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The Way The Nori Rolls

English is joyful with foreign countries

JAPAN | Monday, 29 March 2010 | Views [9300]

HELF!! Now that's EngRish! Suwon, South Korea

HELF!! Now that's EngRish! Suwon, South Korea

Spend any amount of time in Asia and you’re bound to stumble across some fine examples of misused English that, to the proficient English speaker, can be pretty amusing. 

Over the years some lovely signs have told me to “glide with care” in a Chinese hostel shower, warned me against “striding” and “stampeding” at Indian train stations and told not to “litre” in a national park in Laos.  I’ve been enticed into a “surprise meat” restaurant in Korea, drank “lame juice” in Vietnam and was welcomed to a “defecation free” town in Nepal.

Japlish / Janglish (Japanese-English), Konglish (Korean-English), Chinglish (Chinese-English), Khmerlish (Khmer-English), Laolish (Lao-English), Vietlish (Vietnamese-English), Hindlish (Hindi-Enlish) – call it what you will, it all falls under the greater banner of what is widely referred to as ‘EngRish’ – and, in my humble opinion, it’s awesome.

The term ‘Engrish’ can denote hybrid English loanwords adapted into the local vernacular, but generally it refers to (usually hilarious) grammatical and spelling errors or mistranslations of English found mostly on signs, menus, t-shirts and other miscellaneous products in non-English environments (usually in Asia, but not exclusively). The term comes from a common mispronunciation of the word ‘English’ by native speakers of some East Asian languages that do not have distinctive ‘R’ and ‘L’ sounds (for example, Japanese and Korean) resulting in ‘r’s and ‘l’s being swapped or sounding much the same as each other… English becomes Engrish, Lunch becomes Runch.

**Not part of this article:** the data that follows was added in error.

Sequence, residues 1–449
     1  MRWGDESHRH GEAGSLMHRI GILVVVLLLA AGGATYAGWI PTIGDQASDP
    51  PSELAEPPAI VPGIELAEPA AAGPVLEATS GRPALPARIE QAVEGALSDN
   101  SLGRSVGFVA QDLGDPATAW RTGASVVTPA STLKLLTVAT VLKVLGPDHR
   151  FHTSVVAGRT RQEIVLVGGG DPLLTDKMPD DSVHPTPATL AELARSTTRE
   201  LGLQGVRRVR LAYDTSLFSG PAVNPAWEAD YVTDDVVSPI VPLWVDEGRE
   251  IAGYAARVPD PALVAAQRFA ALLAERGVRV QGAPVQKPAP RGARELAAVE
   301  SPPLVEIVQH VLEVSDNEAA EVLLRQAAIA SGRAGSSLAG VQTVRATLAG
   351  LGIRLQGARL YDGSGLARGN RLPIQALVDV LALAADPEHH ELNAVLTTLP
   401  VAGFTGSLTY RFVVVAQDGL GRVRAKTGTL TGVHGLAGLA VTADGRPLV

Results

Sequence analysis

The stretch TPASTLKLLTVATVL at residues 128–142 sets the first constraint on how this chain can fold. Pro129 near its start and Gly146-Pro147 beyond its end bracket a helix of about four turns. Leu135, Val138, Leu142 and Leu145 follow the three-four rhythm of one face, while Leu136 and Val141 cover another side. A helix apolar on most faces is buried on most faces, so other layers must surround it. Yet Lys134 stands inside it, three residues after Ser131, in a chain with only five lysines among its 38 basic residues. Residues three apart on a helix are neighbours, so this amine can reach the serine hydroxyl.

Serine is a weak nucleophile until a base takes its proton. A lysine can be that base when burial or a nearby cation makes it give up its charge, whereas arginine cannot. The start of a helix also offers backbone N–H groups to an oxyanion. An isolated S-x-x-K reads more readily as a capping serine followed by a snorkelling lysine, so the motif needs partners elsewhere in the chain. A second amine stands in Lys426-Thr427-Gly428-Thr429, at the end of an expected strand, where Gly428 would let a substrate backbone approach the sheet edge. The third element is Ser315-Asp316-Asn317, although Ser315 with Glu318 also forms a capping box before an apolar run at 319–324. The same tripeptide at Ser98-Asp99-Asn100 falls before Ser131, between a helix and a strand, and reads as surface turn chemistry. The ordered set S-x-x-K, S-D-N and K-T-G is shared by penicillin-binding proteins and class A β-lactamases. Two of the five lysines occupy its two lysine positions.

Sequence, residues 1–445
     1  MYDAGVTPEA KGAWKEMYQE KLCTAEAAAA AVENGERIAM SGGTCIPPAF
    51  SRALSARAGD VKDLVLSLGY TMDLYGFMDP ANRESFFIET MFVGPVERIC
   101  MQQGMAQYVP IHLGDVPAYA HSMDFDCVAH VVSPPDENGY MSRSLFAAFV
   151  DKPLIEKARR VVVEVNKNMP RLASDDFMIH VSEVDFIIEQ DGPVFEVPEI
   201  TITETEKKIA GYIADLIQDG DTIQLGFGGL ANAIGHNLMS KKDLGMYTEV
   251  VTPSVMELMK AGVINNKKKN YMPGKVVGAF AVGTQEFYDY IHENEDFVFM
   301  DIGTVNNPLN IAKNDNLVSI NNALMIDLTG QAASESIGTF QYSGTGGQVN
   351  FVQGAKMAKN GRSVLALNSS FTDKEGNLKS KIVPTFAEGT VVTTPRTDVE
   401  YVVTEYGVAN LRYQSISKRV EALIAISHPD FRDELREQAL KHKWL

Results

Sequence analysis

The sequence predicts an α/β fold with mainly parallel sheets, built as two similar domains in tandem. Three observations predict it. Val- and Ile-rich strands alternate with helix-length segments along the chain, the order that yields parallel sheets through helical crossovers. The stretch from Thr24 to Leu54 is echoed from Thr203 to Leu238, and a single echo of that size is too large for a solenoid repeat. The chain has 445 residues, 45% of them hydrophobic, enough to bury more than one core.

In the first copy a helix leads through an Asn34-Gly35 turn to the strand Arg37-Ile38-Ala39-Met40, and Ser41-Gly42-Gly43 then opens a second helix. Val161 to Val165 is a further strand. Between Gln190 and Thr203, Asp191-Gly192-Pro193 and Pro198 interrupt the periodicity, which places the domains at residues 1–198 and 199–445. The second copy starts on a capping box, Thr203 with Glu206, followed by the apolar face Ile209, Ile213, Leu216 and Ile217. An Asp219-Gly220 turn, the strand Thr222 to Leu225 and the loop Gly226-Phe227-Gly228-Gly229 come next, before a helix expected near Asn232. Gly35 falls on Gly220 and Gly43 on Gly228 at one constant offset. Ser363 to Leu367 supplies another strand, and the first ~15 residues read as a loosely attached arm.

Capturing examples of Engrish on camera is a little hobby of mine, and over the last 2 years I’ve built up a collection of some 300 photos of pure Engrish gold.  But I’m not the only one who welcomes an oddly translated sign here and there, Engrish has gained a large, international following with countless appreciation societies and websites dedicated solely to the wonderful world of Engrish (see, for example, Engrish.com – the mecca for all things Engrish). 

You can make your own Engrish by simply translating an English sentence to another language on web-based translation sites such as babelfish.yahoo.com and then translating it back into English again (I find Japanese, Korean and Chinese work best).  Another fun Engrish related site is translation party... give it a go.

Reverse Engrish (the misuse of other languages in English speaking environments) is equally as fun… particularly when found in tattoo form.  See Hanzi Smatter for a wonderful showcase of botched Chinese characters in Western society.

Click here for Engrish photos from my recent trip to Japan... a few of my old favourites.

I including sincerity, desire the fact that you obtain the joy from the gallery of the photograph of my Engrish! (I hope you enjoy my Engrish photo galleries!)

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